Dude Perfect’s Mega Deal Demonstrates the Value of Internet IP

Dude Perfect Mega Deal
Adobe YouTube/Dude Perfect

Dude Perfect — one of YouTube’s most long-lived and consistently popular channels — arose from humble beginnings. Friends and former roommates from Texas A&M University – including twins Cory and Coby Cotton, Tyler “The Beard” Toney, Garrett “The Purple Hoser” Holbert, and Cody “The Tall Guy” Jones – started posting collaborative videos back in April of 2009. Their very first release – featuring the members performing various trick shots at Tyler Toney’s house – received 200,000 views in its first week, which was considered hugely viral at the time. Good enough to get featured on “Good Morning America,” even.

Impressive trick shot compilations became the most visible and iconic of the comedy/sport team’s recurring segments. But the channel also evolved over time, eventually encompassing sketch comedy and even launching spinoff channels like “Dude Perfect Gaming” and “Dude Perfect en Español.” Today, the main channel has over 60 million followers, good enough for YouTube’s Top 50 overall, and their internet success has allowed the guys increased offline opportunities, including basic cable shows and lucrative national tours.

This week, the group raised more than $100 million – and reportedly as much as $300 million – from private investment firm Highmount Capital, which they plan to use to grow the business via a variety of new avenues. Though it’s one of the largest and most notable such deals to date, the Dude Perfect guys are not alone in converting visible online empires into real-world big-money deals. 

$100 million was also the rumored price tag that Amazon offered Jimmy “MrBeast” Donaldson to create original content for the Prime Video platform. Donaldson told Time Magazine earlier this year that he brings in around $600-$700 million annually from his work, though some of these funds get reinvested back into his content.

Back in February, podcast legend Joe Rogan signed a new multi-year deal with Spotify, which is likely worth around $250 million, according to the Wall Street Journal. That’s a significant increase over Rogan’s $100 million deal, signed in 2020, and that one kept his “Joe Rogan Experience” show exclusive to Spotify; this new deal allows him to also post on YouTube.

And breakout social media comedian Matt Rife also just announced a new Netflix deal this week. He’ll produce two new comedy specials for the streamer, along with an original workplace comedy series set at a gym that he’ll both star in and write. After a number of clips featuring Rife doing stage work and riffing with his audience at shows went viral on TikTok, and his self-produced YouTube specials garnered a combined 43 million views, he sold 600,000 tickets for his upcoming world tour in just 48 hours.

The Dude Perfect deal is not just notable for its scale and timing, though. It’s a perfect example of how a straightforward single-platform concept – a YouTube channel dedicated to compilations of charismatic bros doing impressive trick shots – can morph over time into a dynamic and robust multi-platform transmedia brand. 

Highmount Capital isn’t giving these guys $100 million because they can throw a football over a building. There are lots of plans for how to spend this money, many of which aren’t simply posting videos and then running ads alongside them. In addition to expanding their creative and management teams, Dude Perfect plans to use the money on a free ad-supported streaming app, an international tour, and most significantly, a massive three-story “headquarters” in Frisco, Texas, that would be open to the public.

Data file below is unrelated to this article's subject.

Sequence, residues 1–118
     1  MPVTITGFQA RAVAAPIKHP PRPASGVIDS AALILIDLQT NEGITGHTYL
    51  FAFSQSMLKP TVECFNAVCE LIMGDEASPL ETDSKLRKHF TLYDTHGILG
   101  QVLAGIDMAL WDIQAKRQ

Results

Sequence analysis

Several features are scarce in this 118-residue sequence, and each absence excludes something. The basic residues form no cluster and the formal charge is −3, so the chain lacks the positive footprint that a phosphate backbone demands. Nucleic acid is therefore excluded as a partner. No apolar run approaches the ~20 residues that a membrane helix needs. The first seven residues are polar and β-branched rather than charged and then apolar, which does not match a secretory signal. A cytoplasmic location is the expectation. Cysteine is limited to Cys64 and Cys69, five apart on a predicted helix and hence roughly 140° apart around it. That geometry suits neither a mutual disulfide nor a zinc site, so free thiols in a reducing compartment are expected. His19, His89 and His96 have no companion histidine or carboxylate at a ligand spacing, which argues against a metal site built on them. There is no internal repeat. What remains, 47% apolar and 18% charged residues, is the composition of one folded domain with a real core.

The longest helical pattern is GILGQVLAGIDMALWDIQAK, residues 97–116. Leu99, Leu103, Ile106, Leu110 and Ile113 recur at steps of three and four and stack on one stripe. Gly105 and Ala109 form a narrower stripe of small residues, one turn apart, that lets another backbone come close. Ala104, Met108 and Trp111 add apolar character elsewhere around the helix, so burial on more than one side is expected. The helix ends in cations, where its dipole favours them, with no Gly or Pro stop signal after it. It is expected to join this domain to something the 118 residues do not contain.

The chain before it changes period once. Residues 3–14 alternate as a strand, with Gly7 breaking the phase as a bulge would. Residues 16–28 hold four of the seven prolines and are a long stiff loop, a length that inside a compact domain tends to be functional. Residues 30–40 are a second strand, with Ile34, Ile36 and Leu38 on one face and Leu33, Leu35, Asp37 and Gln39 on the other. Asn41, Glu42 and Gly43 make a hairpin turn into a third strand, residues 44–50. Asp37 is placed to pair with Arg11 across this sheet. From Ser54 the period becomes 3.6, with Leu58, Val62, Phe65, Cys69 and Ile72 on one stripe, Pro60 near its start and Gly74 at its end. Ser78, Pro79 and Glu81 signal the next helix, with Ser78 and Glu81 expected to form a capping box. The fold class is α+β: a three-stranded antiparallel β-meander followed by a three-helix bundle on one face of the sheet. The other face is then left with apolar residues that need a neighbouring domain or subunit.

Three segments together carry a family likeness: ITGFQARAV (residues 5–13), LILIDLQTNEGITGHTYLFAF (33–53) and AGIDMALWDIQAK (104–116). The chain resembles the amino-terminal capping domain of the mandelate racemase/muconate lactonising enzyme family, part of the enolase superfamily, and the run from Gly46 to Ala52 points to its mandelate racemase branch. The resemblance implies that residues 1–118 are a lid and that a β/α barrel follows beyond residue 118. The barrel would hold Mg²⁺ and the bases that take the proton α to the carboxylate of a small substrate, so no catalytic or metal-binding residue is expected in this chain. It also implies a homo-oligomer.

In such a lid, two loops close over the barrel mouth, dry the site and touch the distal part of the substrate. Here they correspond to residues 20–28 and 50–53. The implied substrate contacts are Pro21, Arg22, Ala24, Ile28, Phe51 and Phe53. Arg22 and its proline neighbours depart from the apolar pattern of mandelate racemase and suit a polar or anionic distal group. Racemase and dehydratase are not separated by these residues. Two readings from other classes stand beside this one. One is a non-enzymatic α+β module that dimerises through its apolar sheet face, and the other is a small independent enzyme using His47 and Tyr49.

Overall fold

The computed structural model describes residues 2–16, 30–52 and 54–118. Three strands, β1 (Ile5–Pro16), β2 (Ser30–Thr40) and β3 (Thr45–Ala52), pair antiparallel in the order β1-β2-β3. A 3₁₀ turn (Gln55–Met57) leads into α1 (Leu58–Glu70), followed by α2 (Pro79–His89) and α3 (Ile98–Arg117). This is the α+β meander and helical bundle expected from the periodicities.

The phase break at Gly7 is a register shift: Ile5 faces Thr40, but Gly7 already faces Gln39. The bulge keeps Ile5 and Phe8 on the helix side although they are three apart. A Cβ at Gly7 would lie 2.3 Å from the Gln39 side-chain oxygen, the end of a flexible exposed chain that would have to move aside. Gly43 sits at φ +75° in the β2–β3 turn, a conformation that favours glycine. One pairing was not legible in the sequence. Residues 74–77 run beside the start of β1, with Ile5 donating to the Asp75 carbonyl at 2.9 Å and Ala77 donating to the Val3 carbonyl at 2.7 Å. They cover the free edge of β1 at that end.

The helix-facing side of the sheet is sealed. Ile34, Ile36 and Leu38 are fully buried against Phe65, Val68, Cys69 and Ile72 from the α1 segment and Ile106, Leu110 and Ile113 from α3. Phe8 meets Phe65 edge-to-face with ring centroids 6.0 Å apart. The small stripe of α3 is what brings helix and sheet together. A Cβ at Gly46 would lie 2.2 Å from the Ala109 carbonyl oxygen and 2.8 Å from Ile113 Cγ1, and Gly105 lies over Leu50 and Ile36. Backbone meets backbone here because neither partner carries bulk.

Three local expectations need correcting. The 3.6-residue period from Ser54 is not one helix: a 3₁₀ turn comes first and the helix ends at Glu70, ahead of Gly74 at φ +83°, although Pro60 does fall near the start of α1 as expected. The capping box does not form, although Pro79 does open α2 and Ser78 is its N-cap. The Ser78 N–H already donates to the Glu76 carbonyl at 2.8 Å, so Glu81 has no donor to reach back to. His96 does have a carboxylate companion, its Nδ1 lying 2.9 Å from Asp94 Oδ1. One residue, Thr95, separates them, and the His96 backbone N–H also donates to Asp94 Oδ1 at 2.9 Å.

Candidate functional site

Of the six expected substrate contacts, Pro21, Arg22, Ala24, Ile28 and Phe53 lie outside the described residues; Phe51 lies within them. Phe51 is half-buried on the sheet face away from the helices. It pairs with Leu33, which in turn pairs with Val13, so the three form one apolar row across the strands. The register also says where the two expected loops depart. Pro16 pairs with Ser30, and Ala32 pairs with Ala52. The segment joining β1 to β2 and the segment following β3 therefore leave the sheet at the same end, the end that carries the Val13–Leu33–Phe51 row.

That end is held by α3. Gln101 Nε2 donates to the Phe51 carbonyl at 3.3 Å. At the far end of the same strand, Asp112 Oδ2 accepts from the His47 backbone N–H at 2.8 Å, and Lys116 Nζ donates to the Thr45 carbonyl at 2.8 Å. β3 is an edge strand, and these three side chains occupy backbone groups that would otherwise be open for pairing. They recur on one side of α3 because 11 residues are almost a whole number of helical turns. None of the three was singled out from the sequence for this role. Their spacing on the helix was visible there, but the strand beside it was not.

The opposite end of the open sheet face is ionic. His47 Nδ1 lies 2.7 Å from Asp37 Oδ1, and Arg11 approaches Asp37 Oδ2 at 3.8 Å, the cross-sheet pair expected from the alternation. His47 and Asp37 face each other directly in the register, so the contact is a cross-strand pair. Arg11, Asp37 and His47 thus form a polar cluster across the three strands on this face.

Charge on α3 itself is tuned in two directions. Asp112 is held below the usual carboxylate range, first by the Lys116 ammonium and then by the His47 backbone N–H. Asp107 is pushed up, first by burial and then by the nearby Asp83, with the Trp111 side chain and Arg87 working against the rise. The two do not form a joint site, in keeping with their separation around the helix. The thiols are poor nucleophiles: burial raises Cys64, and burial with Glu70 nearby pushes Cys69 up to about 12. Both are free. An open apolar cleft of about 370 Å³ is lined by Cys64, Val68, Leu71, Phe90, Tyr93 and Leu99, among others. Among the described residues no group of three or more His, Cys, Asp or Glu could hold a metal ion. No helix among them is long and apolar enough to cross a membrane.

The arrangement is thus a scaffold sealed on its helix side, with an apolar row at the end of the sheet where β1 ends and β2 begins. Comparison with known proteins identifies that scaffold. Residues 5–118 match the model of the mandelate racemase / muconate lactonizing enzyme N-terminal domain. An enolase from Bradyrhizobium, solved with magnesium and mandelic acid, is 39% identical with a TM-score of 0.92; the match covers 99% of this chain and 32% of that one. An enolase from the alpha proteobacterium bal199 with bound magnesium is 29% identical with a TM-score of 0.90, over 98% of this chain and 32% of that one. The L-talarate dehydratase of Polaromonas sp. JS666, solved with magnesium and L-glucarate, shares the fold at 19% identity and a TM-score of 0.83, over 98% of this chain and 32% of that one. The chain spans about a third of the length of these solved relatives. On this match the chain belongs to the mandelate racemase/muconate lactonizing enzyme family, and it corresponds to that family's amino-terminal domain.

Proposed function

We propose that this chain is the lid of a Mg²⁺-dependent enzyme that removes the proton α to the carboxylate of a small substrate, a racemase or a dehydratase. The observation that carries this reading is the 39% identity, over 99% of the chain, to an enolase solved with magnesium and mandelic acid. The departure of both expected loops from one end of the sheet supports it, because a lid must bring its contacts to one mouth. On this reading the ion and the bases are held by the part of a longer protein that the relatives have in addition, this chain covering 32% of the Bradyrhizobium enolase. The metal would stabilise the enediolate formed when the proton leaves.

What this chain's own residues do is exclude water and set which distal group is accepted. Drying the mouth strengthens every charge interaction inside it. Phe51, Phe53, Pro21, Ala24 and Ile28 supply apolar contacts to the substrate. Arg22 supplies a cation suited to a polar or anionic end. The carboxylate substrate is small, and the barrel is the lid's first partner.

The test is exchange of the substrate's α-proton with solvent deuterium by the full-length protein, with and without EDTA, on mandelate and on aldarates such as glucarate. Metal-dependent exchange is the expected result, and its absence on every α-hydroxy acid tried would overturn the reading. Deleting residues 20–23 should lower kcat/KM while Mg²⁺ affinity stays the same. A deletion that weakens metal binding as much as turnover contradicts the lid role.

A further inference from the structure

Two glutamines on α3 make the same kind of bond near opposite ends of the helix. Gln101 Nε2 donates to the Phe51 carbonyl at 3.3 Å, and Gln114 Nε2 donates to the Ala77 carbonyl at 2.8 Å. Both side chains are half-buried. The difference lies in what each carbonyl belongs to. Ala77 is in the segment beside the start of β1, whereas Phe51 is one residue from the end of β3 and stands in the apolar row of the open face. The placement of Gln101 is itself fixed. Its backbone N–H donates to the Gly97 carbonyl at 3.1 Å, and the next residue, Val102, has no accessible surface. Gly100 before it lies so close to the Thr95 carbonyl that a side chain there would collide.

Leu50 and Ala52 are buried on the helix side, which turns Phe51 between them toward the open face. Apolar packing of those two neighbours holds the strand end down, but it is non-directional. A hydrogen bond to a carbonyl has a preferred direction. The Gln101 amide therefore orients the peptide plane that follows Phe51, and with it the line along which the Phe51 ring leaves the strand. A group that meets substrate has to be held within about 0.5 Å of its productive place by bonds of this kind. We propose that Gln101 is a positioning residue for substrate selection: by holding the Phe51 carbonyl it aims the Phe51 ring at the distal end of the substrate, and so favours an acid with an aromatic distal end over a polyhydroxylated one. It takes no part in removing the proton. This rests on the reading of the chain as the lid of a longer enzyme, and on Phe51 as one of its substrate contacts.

This isn’t just some office. The facility is estimated to cost up to $100 million to build all on its own. Plans include a production facility, a family-friendly entertainment destination, a retail store, spaces for gaming and podcasts, a museum, a 330-foot tower in which attendees can try out their own trick shots, a miniature golf course, restaurants, and more.

Is this really so different from, say, the Dragon Ball theme park recently announced for Riyadh, Saudi Arabia’s Qiddiya City development, or Universal Parks constructing Super Mario Worlds? Not really. At this point, “Dude Perfect” is a viable IP, just like those iconic cartoons and video games. At that level of visibility and success, it all functions in the same way, allowing for new spinoff projects, synergistic crossover opportunities, merch sales, and beyond.

Obviously, just a handful of creators will ever reach this extreme level of long-term success. But there are nonetheless a few clear lessons to take away. Don’t be afraid to think BIG, most prominently. Even if you’re just shooting hoops in your friend’s yard, no idea is too small or concept too low-key to eventually become a media juggernaut. 

In fact, the simplicity of Dude Perfect as a concept likely helped them to reach this point in their collective careers. A bunch of funny jocks who do amazing trick shots are remarkably easy to explain to a friend, and a fun clip to share with your feed. Trick shots cross language and cultural boundaries. They appeal to young and old. There’s nothing divisive or upsetting or controversial about them. They’re the Mickey Mouse or Coca-Cola of YouTube categories. Universally appealing and immediately accessible. Who doesn’t want to go to a 330-foot tower and try them out for themselves? Hint: No one.

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